The minefields around the Falkland Islands capital, Stanley, dating back to the South Atlantic conflict, have remained largely untouched for most of nearly 35 years, due to the restrictions in place around access to the minefields. Over this time, they have become a haven for Falkland’s wildlife.
SINCE their deployment in October 2016 through to June 2017, the BACTEC teams have worked on 47 minefield areas from Fox Bay, Port Howard and Goose Green to the Stanley area. The team will now leave for three months before continuing the current phase.
The Falklands and the efforts to clear minefields left by the Argentine invasion in 1982, which have become de facto nature reserves for penguins, will be aired on BBC Radio 4 under the heading of Listen to Exploding Penguins, presented by Peter Gibbs and produced by Matthew Teller. The presentation will be Tuesday 9 May at 15:30 UK time.
Minefield clearance in the Falklands is going well on the current phase which will run until June 2017, Dynasafe Bactec Ltd. Program manager Guy Marot confirmed this week to Penguin News. Work to date has involved technical survey and clearance work in the Eliza Cove area (south east Stanley) and Goose Green, and is scheduled to continue after Christmas in the Mount Longdon and Hearndon Waters (Murrell) minefields, and Port Howard on West Falklands.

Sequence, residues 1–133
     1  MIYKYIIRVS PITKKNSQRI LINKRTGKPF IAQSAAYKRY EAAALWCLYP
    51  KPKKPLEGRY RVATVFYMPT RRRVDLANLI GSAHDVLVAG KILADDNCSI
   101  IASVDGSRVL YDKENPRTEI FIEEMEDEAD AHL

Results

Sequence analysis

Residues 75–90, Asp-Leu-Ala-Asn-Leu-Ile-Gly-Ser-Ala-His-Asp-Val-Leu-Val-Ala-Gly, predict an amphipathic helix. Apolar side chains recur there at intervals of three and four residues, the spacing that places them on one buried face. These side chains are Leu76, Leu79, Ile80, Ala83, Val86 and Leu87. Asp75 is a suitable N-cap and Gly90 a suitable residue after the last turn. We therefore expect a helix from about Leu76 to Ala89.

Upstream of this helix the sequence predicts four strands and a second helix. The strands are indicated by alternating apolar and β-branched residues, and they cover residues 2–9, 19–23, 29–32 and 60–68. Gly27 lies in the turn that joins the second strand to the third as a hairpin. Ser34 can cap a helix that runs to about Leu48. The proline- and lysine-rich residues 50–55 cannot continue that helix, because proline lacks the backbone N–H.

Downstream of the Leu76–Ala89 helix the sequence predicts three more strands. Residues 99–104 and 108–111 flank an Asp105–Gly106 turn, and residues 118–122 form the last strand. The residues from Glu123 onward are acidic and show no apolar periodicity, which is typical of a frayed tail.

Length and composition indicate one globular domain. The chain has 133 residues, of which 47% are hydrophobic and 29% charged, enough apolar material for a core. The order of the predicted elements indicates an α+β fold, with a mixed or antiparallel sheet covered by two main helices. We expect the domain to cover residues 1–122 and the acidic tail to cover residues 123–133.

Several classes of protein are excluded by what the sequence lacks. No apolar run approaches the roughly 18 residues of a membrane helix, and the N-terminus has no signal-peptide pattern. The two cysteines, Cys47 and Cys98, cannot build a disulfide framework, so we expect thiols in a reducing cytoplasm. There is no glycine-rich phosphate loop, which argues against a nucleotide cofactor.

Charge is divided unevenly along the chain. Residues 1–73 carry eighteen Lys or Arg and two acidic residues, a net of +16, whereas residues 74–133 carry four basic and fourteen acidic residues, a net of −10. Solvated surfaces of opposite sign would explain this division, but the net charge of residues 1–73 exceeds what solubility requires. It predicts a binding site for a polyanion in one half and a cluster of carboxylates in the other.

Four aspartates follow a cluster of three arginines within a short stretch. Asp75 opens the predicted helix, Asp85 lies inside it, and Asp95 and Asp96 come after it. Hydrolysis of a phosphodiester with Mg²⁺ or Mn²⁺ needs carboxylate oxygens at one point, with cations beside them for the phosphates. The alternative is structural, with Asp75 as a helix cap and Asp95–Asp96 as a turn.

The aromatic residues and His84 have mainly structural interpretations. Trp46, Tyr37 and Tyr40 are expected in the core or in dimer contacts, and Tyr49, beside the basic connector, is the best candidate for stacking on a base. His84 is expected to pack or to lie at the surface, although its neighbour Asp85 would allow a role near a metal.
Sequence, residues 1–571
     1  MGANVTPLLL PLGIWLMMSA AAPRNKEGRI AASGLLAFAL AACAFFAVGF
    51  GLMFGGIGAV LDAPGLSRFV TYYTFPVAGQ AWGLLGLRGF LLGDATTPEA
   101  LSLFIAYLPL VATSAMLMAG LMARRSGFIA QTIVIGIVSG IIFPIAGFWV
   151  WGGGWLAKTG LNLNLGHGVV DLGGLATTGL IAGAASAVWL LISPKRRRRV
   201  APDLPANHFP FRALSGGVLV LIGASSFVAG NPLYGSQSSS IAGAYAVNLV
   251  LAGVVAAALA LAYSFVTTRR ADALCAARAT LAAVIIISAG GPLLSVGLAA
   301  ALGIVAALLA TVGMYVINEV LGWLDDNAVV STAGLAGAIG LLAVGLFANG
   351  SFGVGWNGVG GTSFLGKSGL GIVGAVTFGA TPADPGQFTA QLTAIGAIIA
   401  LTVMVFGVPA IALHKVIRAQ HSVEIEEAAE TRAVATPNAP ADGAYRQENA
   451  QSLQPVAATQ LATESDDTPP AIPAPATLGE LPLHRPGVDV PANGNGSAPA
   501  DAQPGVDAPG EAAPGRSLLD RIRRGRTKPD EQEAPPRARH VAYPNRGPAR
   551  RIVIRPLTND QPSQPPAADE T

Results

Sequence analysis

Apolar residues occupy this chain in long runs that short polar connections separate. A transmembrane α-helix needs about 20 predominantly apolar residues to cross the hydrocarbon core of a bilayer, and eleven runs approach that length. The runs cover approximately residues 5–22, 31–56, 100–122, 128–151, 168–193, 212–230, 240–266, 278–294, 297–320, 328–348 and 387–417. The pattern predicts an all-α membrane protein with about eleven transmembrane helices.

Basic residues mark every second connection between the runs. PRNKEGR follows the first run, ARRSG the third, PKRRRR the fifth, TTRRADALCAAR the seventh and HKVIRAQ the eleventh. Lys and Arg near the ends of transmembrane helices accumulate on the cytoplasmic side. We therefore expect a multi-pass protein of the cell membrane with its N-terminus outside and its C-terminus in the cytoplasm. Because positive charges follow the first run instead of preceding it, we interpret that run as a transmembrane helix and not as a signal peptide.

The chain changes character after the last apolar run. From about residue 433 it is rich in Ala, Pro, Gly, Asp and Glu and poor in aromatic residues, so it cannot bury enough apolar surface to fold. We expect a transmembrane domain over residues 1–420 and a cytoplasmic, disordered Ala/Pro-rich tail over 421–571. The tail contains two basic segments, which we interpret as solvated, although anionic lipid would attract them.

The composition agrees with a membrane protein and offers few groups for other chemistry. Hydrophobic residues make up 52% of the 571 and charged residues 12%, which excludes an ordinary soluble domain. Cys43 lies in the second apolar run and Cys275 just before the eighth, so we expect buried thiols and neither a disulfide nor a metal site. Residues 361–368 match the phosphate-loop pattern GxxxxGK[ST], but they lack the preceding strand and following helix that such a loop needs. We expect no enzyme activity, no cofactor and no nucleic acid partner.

The current phase of demining in the Falkland Islands, which began in January 2015, is nearing completion and MercoPress recently caught up with the Head of the Falkland Islands Demining Programme Office (FIDPO), Guy Marot, to discuss the ongoing progress of demining in the Falklands.
Falkland Islands demining and ground clearance operations which this season took off in September are advancing rapidly and controlled explosions of ordnance has been announced for later this week. Thousands of antipersonnel and anti tank mines in marked perimeters remain the Falklands, a legacy of the retreating Argentine forces which invaded the Islands 33 years ago in 1982.
Falkland Islands de-mining and ground clearance work has got off to a flying start despite the cold and snowy weather of late, Program Manager Guy Marot confirmed on Thursday to the Penguin News.
The Falkland Islands program to clear mines planted by the invading Argentine forces in 1982, is scheduled to take a break at the end of April, following a very successful task all along summer according to Guy Marot, Program Manager for the Falkland Islands Demining Program Office, as reported in the FIG's edition of February.